The much talked about Scion FR-S and Subaru BRZ are coming closer to reality, with cars expected to go on sale this spring. The BRZ will be offered in two trim levels. The base Premium model starts at $25,495USD with a six-speed manual, touch-screen GPS navigation, Bluetooth and HID headlights. The top-spec BRZ Limited stickers at $27,495, and adds Alcantara seat inserts, leather bolsters, heated seats and mirrors, dual-zone auto climate control, keyless entry and start, rear spoiler and foglights. All BRZ’s are rear wheel drive 2+2 sport coupes powered by a new 2.0L boxer four cylinder rated at 200hp. A six-speed manual is standard, while a six-speed automatic will add $1,100 to the tab.

The Subaru BRZ is positioned above the Scion FR-S as a more premium car. While there is plenty of excitement at the notion of a rear-wheel drive Japanese sport coupe, I just can’t help but think that a base V-6 powered Ford Mustang or Chevy Camaro offers more than 100hp than the Subie at a lower price. Will American sport coupe buyers be willing to pay a premium for a car that is underpowered compared to the American competition? At The Garage we’re as eager to see how this plays out as you, so stay tuned!

Subaru Previews Updated Legacy and Outback

We’re just days away from the 2012 New York International Auto Show. As show time edges closer, Subaru today previewed revised versions of the 2013 Legacy sedan and Outback CUV which will be formally unveiled in New York next week. While the Legacy and Outback were completely redesigned for 2010 and have since enjoyed considerable sales success, Subaru has definitely gone beyond the typical mid-cycle refresh.

While the front end has been completely restyled, Subaru is introducing an all-new engine for 2013. A new 2.5L boxer four rated at 173hp takes over as the base engine in the Legacy/Outback. As always, all-wheel drive is standard. Buyers can choose from a six-speed manual or a Continuously Variable Transmission. While the new engine offers only modest gains in power and torque from the motor it replaces, Subaru claims improved low-end torque. Fuel economy is also improved, projected at 24/30 MPG city/highway for the Outback, with the Legacy getting 32 MPG on the highway. Both Legacy and Outback are still available with a 3.6L boxer six, rated at 256hp, paired to a five-speed automatic.

Apart from the new engine, Subaru has also made improvements the body structure, suspension and steering. Subaru claims the work results in a smoother, quieter ride, improved handling agility and a 40% reduction in body roll. Also new for 2013 is EyeSight Driver Assist, which bundles adaptive cruise control, pre-collision braking and vehicle lane departure warning in what Subaru says will be one of the most affordable safety systems available. Inside, buyers are treated to a new instrument panel, improved seat fabrics, while base Legacy/Outbacks now get Bluetooth, USB charging port and iPod control capability as standard fare.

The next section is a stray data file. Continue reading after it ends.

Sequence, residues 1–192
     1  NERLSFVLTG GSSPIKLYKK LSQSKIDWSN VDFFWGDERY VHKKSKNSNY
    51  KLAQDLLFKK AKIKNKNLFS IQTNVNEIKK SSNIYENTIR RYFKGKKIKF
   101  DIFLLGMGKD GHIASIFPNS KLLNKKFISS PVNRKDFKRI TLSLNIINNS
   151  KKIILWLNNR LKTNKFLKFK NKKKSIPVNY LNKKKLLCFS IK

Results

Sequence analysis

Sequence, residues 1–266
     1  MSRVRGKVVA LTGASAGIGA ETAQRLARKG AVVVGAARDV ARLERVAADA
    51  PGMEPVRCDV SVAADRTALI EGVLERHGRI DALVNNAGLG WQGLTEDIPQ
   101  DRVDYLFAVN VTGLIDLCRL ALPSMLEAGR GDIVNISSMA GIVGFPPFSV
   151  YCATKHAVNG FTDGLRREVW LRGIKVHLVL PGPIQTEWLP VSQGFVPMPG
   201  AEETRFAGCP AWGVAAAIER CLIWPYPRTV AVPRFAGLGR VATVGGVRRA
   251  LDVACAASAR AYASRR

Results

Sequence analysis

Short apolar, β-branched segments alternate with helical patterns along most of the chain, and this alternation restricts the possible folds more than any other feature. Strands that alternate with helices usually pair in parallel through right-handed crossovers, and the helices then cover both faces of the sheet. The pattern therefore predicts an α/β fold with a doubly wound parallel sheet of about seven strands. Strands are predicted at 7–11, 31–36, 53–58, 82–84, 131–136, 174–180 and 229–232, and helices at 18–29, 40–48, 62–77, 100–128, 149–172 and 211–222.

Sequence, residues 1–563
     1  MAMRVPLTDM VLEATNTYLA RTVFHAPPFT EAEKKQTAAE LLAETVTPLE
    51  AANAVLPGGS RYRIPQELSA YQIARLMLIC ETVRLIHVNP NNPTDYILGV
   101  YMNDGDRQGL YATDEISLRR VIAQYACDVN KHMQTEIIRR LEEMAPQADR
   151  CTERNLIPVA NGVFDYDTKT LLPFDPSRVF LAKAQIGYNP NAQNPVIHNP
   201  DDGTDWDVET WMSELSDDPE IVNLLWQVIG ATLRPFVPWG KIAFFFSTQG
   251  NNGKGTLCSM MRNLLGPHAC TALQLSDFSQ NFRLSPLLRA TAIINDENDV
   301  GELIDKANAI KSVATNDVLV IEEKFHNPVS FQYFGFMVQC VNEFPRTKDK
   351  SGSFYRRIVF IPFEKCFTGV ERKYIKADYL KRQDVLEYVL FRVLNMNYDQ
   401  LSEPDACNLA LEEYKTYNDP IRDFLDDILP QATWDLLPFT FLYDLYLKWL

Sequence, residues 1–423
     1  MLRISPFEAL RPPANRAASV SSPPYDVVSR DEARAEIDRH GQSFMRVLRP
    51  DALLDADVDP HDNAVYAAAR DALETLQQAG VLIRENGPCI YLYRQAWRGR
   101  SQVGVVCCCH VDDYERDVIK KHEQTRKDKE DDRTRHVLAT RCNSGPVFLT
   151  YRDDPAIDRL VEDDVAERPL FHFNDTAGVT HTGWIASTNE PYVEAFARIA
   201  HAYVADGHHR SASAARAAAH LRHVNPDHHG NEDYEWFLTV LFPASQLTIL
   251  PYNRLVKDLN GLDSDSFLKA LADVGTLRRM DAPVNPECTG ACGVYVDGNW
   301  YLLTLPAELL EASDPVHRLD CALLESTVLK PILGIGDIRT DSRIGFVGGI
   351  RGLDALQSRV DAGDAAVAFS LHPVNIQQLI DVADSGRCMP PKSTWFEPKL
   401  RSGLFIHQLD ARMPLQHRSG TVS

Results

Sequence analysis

While there is no word yet on pricing or availability, I must hand it to Subaru for taking a mid-cycle refresh to a new level. In a business where new headlights and taillights are enough to be considered a ‘revision’, Subaru has gone to great lengths with a new engine and chassis improvements to stay ahead of the competition. Stay tuned, as The Garage will be eager to review the latest from Subaru!

Ride to 2nd at 100 Acre Wood with Mark Higgins

Block may have taken his sixth win at the woods that Christopher Robin played in, but reigning Rally America Champion Mark Higgins wasn’t going to let him win easily. Being second on the road however, Higgins had to content with the dust that was left hanging in the air as the Ford driver attacked the stages. Even with the addition of a “dust minute”, the Subaru America team still had a tough time seeing the road through the haze.

Check out Higgins in action after the break.
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On board with Martin & Johnson at Tall Pines

It has been a week since the 2011 edition of the Rally of the Tall Pines in Bancroft, Ontario and the onboard videos are beginning to pop up. The warm weather brought unusually high speeds, which led to a high attrition rate. Pines is usually known for having lots of “offs” due to snowy roads, but this year there was just one roll. Even still, just 25 of 60 teams finished the rally!

Our first video comes from Chris Martin and Brian Johnson, who put on a great show before becoming one of the casualties of Tall Pines.

On board video after the break.